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Margot Weiss provides an in depth ethnographic study of the BDSM community as it exists in the San Francisco Bay area during the early 2000s. Using a plethora of qualitative data gathered among willing BDSM practitioners, Weiss succeeds in her exploration of BDSM within the realms of capitalism, feminism, racism, sexism, the political sphere and even exploration of the self. The author takes her data and creates what she calls “circuits,” where aspects of BDSM, the individuals involved and more global social constructs are brought together in a unique form. (These circuits can vary depending on what is being examined). Should the BDSM communities that exist outside the San Francisco Bay area show similar elements to those observed by Weiss (as I suspect they do), then this book serves as a crash course for those in the academic or general communities who wish to have a better understanding of BDSM and all the intricacies therein.
The book begins with a prologue that is informative as it delineates relevant terminology. Specifically, Weiss breaks down the subtleties that exist within the language used both in the BDSM community and in the general public’s descriptions of BDSM practitioners. For example, “the acronyms BDSM and SM are used interchangeably to denote a diverse community…” (p. vii). This small piece of information is important as it informs the reader that any situation where “SM” may be encountered, does not necessarily refer to sadomasochistic practices alone. Weiss also partitions the acronym “BDSM” into its three basic components (B&D - bondage and discipline, D/s - Domination/submission, SM - sadomasochism) and provides examples of activities that may be involved within each of the components. The breakdown of “BDSM” illustrates the dichotomy of “SM” within the BDSM community, where the acronym SM has a double meaning (describing both the community as a whole but also pain/sensation play). Besides providing clarity and definitions for various acronyms used, the author introduces and defines new terms for the reader. For example, a “scene refers to a specific BDSM encounter” (p. viii) that is considered to take place in a bubble outside of reality. Also, a “top refers to the person on the giving end of any form of BDSM” (p. xi) whereas “bottom is the corresponding word for the person on the receiving end” (p. xi). These are but a few examples Weiss shares with the reader before taking him/her into the BDSM world of the San Francisco Bay area. For a reader who is not a BDSM practitioner, these notes are invaluable as they describe terms that come up regularly within this book, especially during the interviews.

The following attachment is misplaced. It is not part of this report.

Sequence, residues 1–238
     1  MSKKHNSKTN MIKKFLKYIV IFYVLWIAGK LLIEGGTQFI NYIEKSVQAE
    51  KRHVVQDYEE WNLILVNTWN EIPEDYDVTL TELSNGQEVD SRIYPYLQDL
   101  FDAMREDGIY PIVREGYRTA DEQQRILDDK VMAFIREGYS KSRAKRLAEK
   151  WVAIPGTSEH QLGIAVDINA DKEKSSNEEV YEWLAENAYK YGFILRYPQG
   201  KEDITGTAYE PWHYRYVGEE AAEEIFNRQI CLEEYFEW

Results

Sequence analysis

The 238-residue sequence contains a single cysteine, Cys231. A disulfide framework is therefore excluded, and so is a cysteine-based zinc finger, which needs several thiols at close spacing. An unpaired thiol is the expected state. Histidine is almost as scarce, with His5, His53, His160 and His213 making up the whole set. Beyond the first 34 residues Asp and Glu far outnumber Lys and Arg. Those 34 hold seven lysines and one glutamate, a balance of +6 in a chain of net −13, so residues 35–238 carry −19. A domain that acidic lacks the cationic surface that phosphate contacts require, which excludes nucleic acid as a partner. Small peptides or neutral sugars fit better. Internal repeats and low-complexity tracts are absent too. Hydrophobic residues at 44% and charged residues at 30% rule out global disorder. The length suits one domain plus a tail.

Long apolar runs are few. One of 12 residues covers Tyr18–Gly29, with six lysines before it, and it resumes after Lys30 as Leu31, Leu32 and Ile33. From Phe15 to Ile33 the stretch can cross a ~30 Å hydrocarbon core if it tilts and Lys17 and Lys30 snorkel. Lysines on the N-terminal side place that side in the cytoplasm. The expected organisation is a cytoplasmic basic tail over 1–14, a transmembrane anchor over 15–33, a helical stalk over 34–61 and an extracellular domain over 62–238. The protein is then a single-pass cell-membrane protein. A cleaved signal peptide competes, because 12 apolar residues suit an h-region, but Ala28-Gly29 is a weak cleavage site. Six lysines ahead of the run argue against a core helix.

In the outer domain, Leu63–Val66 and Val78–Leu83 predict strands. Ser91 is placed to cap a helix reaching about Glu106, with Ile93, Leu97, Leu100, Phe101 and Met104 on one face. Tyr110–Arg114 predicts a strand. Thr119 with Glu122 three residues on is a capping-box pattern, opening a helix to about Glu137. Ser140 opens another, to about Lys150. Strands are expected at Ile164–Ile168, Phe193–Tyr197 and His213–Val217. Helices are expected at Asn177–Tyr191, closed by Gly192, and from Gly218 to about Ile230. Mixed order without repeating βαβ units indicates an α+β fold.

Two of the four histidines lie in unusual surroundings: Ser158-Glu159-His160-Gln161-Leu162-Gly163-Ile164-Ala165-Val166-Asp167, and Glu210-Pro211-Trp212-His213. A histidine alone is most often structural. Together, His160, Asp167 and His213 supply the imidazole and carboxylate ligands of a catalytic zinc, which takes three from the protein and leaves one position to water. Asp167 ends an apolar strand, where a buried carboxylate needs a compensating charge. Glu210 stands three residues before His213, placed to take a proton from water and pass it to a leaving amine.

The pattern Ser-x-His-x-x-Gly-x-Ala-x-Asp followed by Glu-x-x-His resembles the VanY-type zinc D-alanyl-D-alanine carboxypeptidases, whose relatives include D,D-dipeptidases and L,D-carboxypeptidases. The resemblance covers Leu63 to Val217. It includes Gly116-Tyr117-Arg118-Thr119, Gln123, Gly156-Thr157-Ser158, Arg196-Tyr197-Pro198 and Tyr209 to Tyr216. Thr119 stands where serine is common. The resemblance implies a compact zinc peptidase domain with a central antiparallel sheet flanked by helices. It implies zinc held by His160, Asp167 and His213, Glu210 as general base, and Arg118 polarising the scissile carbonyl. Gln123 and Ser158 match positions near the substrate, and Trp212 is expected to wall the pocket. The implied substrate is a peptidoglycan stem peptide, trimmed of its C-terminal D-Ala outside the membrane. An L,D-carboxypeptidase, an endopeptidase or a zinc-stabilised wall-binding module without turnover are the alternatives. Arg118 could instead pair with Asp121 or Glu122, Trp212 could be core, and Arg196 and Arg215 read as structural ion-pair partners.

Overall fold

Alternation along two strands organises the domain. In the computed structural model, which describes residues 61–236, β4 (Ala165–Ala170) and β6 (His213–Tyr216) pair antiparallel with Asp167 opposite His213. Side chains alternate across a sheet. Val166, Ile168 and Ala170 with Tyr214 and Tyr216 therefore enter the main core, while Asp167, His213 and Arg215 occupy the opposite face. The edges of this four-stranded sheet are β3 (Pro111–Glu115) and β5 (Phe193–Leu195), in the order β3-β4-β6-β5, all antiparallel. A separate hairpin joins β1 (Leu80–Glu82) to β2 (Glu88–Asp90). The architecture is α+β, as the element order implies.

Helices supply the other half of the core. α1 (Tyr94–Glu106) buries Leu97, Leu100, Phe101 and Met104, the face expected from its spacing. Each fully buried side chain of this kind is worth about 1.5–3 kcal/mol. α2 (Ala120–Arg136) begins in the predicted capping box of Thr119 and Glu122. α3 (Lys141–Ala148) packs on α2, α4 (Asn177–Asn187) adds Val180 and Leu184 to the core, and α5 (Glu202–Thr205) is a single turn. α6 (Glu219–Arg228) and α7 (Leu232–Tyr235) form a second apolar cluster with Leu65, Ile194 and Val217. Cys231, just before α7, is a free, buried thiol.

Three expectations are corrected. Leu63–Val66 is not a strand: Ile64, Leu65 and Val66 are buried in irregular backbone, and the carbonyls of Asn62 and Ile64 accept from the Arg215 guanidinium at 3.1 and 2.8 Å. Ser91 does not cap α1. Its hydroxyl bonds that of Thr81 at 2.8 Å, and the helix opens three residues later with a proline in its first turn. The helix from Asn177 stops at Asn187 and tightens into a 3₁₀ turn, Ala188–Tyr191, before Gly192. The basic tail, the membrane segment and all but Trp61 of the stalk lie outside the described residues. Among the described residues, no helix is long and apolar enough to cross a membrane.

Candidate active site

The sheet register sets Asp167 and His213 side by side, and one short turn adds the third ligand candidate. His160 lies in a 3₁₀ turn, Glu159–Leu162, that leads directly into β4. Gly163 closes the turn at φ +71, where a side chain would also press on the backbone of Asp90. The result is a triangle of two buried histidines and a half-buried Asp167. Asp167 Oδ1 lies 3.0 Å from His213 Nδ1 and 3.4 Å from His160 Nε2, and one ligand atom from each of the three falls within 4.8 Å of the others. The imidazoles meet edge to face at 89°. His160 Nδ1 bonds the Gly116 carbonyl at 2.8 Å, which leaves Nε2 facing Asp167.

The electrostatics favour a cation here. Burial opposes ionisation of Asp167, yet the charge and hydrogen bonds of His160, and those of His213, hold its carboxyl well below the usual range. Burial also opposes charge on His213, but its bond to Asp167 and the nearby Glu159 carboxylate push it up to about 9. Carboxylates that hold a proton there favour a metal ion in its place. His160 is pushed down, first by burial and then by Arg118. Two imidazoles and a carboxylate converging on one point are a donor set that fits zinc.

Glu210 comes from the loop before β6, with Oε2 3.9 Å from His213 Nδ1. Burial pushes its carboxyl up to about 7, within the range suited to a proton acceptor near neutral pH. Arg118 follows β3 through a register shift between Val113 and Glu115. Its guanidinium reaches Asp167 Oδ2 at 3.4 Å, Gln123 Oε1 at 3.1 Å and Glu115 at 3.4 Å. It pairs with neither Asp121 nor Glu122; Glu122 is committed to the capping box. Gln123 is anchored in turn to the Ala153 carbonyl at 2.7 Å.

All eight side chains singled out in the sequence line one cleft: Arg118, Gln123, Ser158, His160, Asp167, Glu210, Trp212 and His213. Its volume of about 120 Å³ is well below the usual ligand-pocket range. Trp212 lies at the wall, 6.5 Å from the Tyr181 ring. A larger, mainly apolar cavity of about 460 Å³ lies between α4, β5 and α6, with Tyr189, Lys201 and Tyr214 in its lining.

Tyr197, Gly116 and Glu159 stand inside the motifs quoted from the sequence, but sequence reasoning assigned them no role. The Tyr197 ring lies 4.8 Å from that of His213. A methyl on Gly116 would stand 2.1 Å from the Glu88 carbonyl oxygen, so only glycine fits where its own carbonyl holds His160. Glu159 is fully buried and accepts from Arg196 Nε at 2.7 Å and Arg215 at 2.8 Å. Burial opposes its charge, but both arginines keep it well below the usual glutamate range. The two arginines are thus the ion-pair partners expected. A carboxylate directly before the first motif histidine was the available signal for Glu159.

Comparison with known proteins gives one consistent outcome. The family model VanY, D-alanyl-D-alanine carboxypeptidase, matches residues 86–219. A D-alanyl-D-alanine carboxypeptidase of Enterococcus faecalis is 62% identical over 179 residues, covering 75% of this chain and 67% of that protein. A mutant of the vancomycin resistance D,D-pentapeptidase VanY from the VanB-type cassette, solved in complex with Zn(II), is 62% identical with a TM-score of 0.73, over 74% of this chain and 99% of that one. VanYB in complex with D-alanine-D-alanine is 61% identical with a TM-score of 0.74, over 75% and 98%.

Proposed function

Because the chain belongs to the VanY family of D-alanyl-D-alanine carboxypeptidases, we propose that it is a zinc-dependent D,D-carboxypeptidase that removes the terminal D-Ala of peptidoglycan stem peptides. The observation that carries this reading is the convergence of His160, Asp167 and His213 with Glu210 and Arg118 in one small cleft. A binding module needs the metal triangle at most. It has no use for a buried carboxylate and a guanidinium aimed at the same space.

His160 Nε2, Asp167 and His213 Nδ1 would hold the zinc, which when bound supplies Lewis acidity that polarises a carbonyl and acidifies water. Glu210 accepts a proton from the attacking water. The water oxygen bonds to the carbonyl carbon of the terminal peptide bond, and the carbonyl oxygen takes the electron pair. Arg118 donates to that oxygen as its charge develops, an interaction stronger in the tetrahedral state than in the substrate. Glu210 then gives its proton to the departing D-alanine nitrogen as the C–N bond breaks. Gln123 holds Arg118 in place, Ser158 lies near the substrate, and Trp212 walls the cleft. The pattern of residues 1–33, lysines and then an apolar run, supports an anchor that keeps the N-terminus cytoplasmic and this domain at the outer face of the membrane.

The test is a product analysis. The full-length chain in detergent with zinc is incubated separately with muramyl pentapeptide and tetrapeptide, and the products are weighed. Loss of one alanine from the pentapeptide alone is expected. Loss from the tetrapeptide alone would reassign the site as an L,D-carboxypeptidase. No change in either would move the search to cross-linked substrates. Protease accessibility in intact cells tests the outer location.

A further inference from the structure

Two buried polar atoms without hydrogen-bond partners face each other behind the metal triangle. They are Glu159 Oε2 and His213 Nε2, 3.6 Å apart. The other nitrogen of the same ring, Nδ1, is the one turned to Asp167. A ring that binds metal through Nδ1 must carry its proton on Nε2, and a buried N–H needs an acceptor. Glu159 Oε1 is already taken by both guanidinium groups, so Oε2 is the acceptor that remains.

Throughout the remainder of the book and beginning in the Introduction, Weiss uses the interviews she conducted and her personal experiences as a roadmap to help the reader navigate the BDSM landscape but also to build linkages within the circuits she discusses. In the Introduction, Weiss begins with a very broad description of some of the events she had attended and notes just how “NORMAL” (p. 2) everyone in attendance seemed as opposed to what she expected. This observation seems to be the tone adopted throughout the rest of the book, that of BDSM practitioners being as normal as anyone else, but just preferring experiences/activities that might be considered a little different by some people. Although Weiss embraces a tone of understanding and acceptance of BDSM practitioners, at the same time she maintains an air of neutrality within her description of events. Due to this “objective voice,” it feels as if the reader is supposed to make up his/her mind about what he/she is reading as opposed to being “told” how to interpret the information provided. Throughout the book, Weiss recounts many experiences and events she attended and her feelings about what she had witnessed/experienced during those episodes are expressed to the reader. These thoughts and feelings fulfil the express purpose of informing the reader that Weiss is not a BDSM practitioner and some of what she witnessed shocked her. But again, these experiences and reactions are not meant to persuade the reader to adopt a particular set of beliefs surrounding BDSM but rather to solidify the fact that these experiences are real and these practices do occur.